Almodovar’s Julieta, adapted from a triptych of Alice Munroe short stories part of Runaway, is a lavishly filmed work suffused with memory, loss, melancholia, guilt and familial estrangement. And, though it did possess vibrant splashes and other distinctive stylistic elements, it was also surprisingly sombre and restrained vis-à-vis the flamboyant expressionism that the Spanish auteur is readily associated with. Julieta (Emma Suárez), a complex, middle-aged Madrid lady, cancels her plans to relocate with her boyfriend (Darío Grandinetti) upon a chance encounter that floods back memories of her estranged daughter Antia and her past rushes back into her present. She shifts to the apartment where she’d once resided with her daughter, and, as she reminisces while composing a letter with the hope of mending ties, we are taken back to her kaleidoscopic past through extended flashbacks – a young and dazzling Julieta (Adriana Ugarte), her expertise on Greek Mythology in memorable contrast to her leather skirts and blue stockings and shock of platinum blonde hair straight out of 80s punk, witnessing the suicide of a fellow passenger and then embarking on a passionate affair with another traveler Xoan (Daniel Grao), while on a train journey; their eventual marriage and the arrival of Antia in their lives; Julieta’s refusal to accept her lonely father’s intimacy to an immigrant maid; Xoan’s tragic death post disclosure of his casual long-standing affair with a friend; and the mysterious decision by her daughter to suddenly disappear from her life. The protagonist, in all her diverse shades, was magnificently portrayed by Suárez and Ugarte, as this deftly introspective and layered film tantalizingly infused elements of mystery and enigma in the otherwise engrossing relationship drama.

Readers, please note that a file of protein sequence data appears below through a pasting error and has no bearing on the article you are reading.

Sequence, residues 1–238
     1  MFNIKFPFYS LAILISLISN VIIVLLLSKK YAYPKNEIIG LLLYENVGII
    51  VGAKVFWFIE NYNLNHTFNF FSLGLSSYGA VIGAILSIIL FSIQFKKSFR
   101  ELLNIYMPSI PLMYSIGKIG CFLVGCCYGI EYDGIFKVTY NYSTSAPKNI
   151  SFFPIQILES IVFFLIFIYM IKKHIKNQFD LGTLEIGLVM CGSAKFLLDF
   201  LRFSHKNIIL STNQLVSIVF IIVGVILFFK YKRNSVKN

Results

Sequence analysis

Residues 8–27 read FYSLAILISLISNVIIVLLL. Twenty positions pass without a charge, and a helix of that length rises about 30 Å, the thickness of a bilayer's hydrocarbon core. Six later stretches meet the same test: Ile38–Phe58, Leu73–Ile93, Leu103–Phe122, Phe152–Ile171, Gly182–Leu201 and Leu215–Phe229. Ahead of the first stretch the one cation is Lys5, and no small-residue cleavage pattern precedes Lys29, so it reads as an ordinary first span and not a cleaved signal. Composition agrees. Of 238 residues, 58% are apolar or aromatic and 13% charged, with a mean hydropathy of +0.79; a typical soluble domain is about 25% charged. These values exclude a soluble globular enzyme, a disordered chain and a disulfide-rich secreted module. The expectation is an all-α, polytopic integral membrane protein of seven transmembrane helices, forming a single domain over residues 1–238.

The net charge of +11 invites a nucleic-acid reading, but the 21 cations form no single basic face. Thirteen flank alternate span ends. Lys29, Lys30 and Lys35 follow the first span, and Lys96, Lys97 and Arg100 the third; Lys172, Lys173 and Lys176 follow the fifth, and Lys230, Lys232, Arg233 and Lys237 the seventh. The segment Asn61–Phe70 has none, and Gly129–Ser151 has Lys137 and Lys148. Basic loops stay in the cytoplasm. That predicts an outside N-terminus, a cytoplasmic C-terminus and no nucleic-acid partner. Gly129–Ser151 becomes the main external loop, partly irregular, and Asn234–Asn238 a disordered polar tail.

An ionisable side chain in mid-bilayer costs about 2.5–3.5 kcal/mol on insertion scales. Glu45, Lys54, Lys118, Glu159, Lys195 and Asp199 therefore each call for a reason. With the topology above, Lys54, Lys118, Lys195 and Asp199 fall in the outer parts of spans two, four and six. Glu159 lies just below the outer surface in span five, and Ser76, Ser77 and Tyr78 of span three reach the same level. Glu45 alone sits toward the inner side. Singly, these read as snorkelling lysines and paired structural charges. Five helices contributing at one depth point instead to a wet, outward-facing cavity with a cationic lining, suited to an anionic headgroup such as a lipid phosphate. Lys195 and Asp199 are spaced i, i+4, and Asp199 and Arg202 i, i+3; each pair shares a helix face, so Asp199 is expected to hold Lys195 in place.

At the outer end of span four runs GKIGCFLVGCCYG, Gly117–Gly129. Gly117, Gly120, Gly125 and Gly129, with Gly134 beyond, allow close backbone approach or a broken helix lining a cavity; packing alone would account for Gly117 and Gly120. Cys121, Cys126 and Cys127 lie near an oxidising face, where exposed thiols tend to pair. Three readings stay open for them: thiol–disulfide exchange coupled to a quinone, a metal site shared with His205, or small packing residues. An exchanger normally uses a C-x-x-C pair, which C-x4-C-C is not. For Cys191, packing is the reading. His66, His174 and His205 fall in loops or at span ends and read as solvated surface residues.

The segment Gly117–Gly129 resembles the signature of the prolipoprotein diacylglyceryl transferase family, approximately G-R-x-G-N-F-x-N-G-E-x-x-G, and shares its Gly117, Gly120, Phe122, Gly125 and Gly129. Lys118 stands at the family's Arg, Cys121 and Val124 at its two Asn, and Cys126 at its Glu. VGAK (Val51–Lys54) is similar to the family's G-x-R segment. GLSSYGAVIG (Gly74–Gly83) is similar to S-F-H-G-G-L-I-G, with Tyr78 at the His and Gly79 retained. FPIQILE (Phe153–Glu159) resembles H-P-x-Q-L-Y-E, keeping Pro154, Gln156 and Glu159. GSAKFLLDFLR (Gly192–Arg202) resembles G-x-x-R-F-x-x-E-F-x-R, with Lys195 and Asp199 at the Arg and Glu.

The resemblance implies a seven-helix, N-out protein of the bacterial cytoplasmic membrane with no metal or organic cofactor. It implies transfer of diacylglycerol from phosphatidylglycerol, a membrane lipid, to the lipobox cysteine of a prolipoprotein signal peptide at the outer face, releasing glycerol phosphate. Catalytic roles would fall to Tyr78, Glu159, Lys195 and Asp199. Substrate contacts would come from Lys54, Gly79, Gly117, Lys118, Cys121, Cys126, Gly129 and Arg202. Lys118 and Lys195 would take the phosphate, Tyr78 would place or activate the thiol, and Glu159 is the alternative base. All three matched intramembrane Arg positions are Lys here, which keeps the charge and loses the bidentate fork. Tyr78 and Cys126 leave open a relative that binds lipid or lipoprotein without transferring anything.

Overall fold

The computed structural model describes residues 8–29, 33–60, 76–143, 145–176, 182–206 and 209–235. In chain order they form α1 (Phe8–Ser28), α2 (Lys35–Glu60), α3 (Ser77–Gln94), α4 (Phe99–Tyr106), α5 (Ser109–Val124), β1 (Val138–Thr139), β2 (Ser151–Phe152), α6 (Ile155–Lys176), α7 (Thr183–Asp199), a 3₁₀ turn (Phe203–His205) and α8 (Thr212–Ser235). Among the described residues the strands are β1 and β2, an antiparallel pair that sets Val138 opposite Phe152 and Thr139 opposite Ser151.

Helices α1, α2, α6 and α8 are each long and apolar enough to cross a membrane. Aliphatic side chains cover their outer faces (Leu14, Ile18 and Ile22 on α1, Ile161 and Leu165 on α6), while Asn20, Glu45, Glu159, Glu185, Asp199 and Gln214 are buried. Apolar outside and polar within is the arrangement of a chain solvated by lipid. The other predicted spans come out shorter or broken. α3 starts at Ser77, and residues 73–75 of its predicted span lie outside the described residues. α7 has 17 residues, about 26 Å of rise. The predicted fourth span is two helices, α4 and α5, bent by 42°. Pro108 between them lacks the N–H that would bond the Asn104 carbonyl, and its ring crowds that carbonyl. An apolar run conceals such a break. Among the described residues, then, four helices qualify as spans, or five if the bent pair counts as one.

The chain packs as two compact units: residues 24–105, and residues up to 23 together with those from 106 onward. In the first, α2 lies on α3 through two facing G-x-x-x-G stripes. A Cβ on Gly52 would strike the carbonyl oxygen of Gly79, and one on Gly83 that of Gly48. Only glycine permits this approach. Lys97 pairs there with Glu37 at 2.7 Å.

Director: Pedro Almodovar
Genre: Drama/Family Drama